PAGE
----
- October 3, 2019
- Posted by: Rianna
- Category: CT Blog
Kathleen McKillion, Senior Associate Consultant at Campbell Tickell, details five key challenges in the Republic of Ireland’s housing sector and how Approved Housing Bodies (AHB)’s are overcoming them.
The Regulation Office has now published all three Standards: Financial, Governance and recently, the Performance Standard, with assistance from Campbell Tickell. These will form part of statutory regulation for housing associations, which we understand is imminent following the Housing (Regulation of Approved Bodies) Bill being published on 26 July. The Dáil is now debating this Bill.
How will Approved Housing Bodies (AHBs) fare?
The largest Tier 3s are expected to be compliant with the Standards by the end of 2019, with a further year for Tier 2s and a further year for the smaller Tier 1s. It is important to have this independent regulation providing accountability to key stakeholders, including funders. However, it is equally important that regulation does not stifle innovation and it serves to stimulate increased housing delivery – which in our experience the sector is excelling in.
State control was a key factor in the reclassification of a number of Tier 3 bodies to ‘public bodies’ in 2017 and there seems to be no sign of this being reversed anytime soon – unlike in England and Scotland.
Instead the net is widening with some Tier 2 bodies now under the same spotlight. The reclassification matters as it seems likely it will affect funding and also risk appetite, leading to fewer homes being built. The Rebuilding Ireland delivery targets may well be impacted as a result. The sooner this decision is reversed the better.
Another key challenge for AHBs is the budgetary system in Ireland. Decisions often come late in the year and make planning and budgeting difficult. This uncertainty is exacerbated by the annual nature of revenue funding and also of project based funding for housing support.
This adversely affects how housing associations can maximise efforts to provide housing and support for formerly homeless, older people and those with disabilities. As well as this unpredictable funding, the capital funding stream under the Capital Assistance Scheme (CAS) would benefit from being further streamlined.
The more recent Capital Advance and Leasing Facility (CALF) and Payment and Availability (P&A) Agreement can deliver in weeks, when the circumstances are right. This model, which Campbell Tickell helped review earlier in the year, provides greater flexibility and certainty.
CALF delivers in the main towns and cities of Ireland where higher market rental yield makes it financially viable. However, it doesn’t yet deliver throughout Ireland. For instance, it can be used in Cork city but not in many parts of Cork county.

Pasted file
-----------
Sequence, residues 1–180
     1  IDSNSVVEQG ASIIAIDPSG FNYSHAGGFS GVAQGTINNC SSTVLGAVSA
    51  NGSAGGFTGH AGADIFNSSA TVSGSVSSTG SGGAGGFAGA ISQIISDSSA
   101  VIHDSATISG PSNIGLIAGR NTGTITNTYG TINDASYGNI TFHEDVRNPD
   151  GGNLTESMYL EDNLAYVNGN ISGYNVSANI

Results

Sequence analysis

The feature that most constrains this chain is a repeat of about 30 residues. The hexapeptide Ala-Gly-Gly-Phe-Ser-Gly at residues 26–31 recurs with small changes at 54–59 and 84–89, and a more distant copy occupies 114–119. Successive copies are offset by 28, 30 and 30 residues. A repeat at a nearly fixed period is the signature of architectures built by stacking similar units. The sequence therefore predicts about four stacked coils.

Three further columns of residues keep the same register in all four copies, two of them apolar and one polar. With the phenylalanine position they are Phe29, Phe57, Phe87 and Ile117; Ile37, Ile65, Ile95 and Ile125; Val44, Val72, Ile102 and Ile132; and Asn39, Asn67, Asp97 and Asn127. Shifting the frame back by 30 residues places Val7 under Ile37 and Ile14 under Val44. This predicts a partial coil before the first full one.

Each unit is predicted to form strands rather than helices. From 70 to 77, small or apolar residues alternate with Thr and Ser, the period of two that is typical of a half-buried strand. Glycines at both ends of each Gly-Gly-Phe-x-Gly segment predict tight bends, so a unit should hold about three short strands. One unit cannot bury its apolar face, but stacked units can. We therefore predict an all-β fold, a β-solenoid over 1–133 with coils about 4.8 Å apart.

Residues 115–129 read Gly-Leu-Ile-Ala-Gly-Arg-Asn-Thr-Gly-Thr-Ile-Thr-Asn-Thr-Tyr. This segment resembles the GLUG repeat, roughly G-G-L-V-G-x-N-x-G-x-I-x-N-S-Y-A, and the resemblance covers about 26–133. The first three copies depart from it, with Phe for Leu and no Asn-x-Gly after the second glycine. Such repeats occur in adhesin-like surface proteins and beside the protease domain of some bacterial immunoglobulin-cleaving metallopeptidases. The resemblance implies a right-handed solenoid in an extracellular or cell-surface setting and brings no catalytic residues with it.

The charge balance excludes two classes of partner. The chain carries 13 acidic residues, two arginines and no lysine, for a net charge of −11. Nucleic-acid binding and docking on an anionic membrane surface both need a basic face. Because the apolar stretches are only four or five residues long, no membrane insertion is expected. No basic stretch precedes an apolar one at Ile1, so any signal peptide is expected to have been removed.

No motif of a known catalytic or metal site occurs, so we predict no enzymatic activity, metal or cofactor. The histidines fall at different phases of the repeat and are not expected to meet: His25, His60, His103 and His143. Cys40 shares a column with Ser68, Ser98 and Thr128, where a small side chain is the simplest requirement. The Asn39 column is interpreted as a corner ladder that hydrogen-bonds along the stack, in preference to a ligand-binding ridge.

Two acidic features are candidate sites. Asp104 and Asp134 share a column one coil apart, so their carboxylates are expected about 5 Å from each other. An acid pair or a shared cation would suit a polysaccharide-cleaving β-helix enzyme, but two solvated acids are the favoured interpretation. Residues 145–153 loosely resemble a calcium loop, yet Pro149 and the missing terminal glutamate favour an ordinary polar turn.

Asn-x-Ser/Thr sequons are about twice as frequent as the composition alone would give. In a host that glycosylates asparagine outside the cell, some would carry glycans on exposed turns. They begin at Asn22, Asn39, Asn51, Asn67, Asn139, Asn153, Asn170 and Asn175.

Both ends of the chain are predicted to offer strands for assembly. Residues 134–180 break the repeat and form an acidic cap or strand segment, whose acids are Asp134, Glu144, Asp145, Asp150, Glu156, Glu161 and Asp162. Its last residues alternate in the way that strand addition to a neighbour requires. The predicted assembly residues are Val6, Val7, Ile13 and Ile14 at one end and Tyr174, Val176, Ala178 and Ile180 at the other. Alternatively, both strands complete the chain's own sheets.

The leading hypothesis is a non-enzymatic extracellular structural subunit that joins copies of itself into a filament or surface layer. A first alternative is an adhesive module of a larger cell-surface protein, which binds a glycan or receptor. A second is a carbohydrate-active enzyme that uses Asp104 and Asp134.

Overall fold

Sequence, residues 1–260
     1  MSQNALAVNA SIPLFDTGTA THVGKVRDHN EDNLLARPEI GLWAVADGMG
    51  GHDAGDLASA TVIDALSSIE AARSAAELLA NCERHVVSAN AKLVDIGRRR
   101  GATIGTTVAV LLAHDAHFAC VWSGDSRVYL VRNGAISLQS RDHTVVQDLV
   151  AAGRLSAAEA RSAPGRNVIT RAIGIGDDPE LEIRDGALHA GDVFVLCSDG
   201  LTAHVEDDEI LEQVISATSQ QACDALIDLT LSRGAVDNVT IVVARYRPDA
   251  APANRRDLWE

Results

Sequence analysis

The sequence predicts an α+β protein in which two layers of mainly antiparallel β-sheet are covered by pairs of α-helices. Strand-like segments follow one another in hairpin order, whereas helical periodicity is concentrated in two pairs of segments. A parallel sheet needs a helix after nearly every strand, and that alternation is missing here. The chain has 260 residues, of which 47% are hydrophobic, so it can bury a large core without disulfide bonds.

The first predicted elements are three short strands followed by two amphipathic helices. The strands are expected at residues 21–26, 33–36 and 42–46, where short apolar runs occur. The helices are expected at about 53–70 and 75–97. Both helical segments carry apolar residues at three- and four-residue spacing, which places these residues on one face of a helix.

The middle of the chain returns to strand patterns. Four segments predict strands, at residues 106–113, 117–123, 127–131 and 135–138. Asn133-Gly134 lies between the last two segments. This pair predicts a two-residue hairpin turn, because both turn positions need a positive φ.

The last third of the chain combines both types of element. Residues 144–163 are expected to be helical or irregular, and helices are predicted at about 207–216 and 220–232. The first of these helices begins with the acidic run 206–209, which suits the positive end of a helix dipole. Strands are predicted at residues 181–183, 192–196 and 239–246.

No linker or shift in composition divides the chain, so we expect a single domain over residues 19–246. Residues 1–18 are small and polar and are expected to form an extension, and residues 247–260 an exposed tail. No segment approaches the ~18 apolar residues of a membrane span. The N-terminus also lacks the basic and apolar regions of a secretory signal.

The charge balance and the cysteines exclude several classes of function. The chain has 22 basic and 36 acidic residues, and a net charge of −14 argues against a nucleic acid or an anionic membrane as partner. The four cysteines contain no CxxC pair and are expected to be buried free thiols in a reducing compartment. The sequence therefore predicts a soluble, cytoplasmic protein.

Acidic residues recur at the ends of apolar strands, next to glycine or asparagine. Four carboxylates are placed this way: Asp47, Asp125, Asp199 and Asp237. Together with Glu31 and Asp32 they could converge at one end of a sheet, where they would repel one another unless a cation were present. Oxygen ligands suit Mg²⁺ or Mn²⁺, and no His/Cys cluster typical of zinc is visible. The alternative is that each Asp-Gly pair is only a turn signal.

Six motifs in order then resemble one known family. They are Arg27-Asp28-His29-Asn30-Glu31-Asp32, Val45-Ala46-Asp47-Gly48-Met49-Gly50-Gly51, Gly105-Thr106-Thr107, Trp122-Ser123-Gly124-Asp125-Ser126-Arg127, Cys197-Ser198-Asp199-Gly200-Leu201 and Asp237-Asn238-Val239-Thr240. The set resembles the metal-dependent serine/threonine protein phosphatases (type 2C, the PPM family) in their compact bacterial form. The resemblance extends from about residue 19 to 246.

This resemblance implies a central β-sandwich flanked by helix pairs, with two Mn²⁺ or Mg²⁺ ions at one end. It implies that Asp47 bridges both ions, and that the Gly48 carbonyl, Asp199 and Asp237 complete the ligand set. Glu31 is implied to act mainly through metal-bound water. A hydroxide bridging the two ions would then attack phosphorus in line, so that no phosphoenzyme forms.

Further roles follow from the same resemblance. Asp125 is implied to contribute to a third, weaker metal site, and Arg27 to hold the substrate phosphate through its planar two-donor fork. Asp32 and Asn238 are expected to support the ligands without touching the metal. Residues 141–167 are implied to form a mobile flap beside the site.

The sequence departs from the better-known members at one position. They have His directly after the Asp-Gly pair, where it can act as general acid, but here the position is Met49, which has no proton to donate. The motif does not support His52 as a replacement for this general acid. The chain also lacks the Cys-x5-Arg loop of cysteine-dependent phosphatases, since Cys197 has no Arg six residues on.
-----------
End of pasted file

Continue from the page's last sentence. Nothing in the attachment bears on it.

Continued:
4. Training and Recruitment
There is a growing need for bespoke training for housing staff and for housing associations to develop their own staff for management development and succession planning purposes. Regrettably the Ulster University Housing Honours degree course that I and many other colleagues graduated from, ended.
In response to this demand, in June 2019 Campbell Tickell held two Risk and Assurance Masterclasses in Dublin and Belfast. Feedback has been positive and it was suggested that we should run more masterclasses – we will respond to that request. Campbell Tickell has a strong recruitment track record in the UK and has been successful in a number of key appointments in Ireland, starting with the Chief Executive of The Iveagh Trust.
5. Homes for housing staff
Lastly, an idea. On occasion, we have seen well-qualified and suitable job candidates citing the accommodation shortage and expense in Dublin as reason not to relocate. I didn’t have this issue after graduation, when I went to Scotland to work in the Housing Department of the New Town Development Corporation in Irvine. I was classed as an incoming key worker to which a number of allocations were made.
Is this something for housing associations in Ireland to consider, alongside their local authority colleagues? We have acknowledged the need for affordable homes and rents for nurses, garda, etc. Why not housing workers too?
To discuss this article, contact Kathleen McKillion: email@example.com
This article is also featured in the latest CT Brief, Issue 45 – Ireland edition
|Campbell Tickell is an established multi-disciplinary management and recruitment consultancy, operating across the UK and Ireland, focusing on the housing, social care, local government, sport, leisure, charity and voluntary sectors.
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